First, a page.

The Legend of Donald Trump

The money, the ego, that hair—profiles of the bilious billionaire by Tom Junod, Erik Hedegaard, and others.
5 stories

In his latest attempt to make the 2012 election about himself, Donald Trump unveiled his "October Surprise" yesterday: He would donate $5 million to Barack Obama's favorite charity if the president would release his college application and transcripts, as well as his "passport information" by October 31.

The president responded to the outrageous stunt by joking with Jay Leno last night that the conflict with Trump “dates back to when we were growing up together in Kenya.” The whole incident was classic Trump. On one hand, he looked a bit silly. On the other hand, publicity!

Headlines have always mattered to the man.

In Jonathan Van Meter's 2005 profile of the Trump children, he recounted a time when "in the winter of 1990, life as Donny knew it began to unravel. Donald was courting a pretty young girl from Georgia named Marla Maples, right under Ivana’s nose," he wrote. "The whole thing blew up in their faces on the slopes of Aspen. Donald moved ten flights down in Trump Tower, and war was declared. Liz Smith broke the story in the Daily News just before Valentine’s Day, when Ivana called Smith to a secret meeting at the Plaza Hotel to tell her that Donald was having an affair." A cheating husband. An angry wife. The only novel part of the scandal was Trump's reaction: "The story stayed on the front pages of the tabloids for three months, which, as Donald likes to point out, must be some kind of a record." Would anyone else brag about that?

Tom Junod went to see Trump during his 2000 "I'm running for president" phase. "It had always struck me how square he was," Junod mused. "He grew up in Queens, the son of a successful builder and developer, and his idea of rebellion was doing what his father had done--but bigger, better, and in Manhattan. Now, at fifty-three, he looked like a guy who had never thought to join a student protest when he'd gone to school and so, upon his return, was giving the kids what he thought they wanted: peace signs. He appeared, in fact, to be exactly what he is: a determinedly unironic man whose career has been made possible by a culture of determined irony--by a culture that allowed him to matter precisely because it had decided he didn't matter at all."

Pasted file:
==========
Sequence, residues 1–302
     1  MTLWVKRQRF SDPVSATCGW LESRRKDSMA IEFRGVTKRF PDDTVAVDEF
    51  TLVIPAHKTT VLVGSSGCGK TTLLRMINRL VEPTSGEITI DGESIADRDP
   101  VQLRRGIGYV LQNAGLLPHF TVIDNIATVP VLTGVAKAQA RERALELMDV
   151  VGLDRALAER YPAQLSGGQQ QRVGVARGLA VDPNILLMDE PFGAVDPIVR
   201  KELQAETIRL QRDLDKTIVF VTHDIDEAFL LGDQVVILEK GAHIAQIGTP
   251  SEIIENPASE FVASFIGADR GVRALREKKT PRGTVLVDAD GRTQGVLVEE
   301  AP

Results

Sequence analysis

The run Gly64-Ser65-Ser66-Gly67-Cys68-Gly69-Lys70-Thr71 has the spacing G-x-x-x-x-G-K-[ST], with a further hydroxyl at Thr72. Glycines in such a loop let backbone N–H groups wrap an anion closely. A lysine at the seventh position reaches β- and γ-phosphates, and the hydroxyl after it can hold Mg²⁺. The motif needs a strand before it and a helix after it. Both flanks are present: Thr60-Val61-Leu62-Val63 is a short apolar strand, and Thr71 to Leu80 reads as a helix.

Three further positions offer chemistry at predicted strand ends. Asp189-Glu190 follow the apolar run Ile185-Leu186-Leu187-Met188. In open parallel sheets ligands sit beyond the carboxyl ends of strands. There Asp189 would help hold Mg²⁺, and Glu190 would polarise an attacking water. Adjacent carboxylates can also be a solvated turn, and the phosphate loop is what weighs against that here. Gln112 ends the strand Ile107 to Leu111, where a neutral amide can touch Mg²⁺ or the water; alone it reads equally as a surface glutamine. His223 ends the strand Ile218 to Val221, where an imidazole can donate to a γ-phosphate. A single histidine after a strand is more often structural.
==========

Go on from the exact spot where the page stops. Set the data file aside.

The presidential run led to more headlines.

"Trump thrives on an audience and a foil, and today, inside his Trump World Tower offices in New York City, he has both," Sheelah Kolhatkar wrote in her 2011 profile. "He's sitting behind his desk, stacked with magazines and newspaper clippings about himself, discussing his proto-Presidential campaign whose sudden momentum seems to have surprised even him... He wants the doubters and the haters and the petty critics and the other real estate people to know that not only could he do a better job than President Obama—that, if he were in charge, he would kick China's and Saudi Arabia's butts and have jobs flowing back into the U.S. within months—but that he's been goddamn successful at business."

Still, Daniel Roth suggested that he hasn't been quite as successful as he pretends. "In Trump's reality show, The Apprentice, he and two lieutenants monitor contestants as they backstab their way to a $250,000-a-year job as president of one of his companies. In Trump's real life he has managed—by force of personality, insane attention to certain details, charisma, bluntness, self-promotion, and connections—to build an empire of steel, marble, beauty pageants, casinos, and some of the most incredible moldings you'll ever see. The total value? If you believe Trump, $6 billion," Roth wrote. "But few people actually believe him. And there's good reason. Trump is the Reality Tycoon. He lives his life straight out of the Survivor handbook: Start with the truth, then add enough drama, celebrity, sex, and what might very charitably be called creative editing to make something entirely outlandish."

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I mean, he called to ask about my mother.

Mar 2000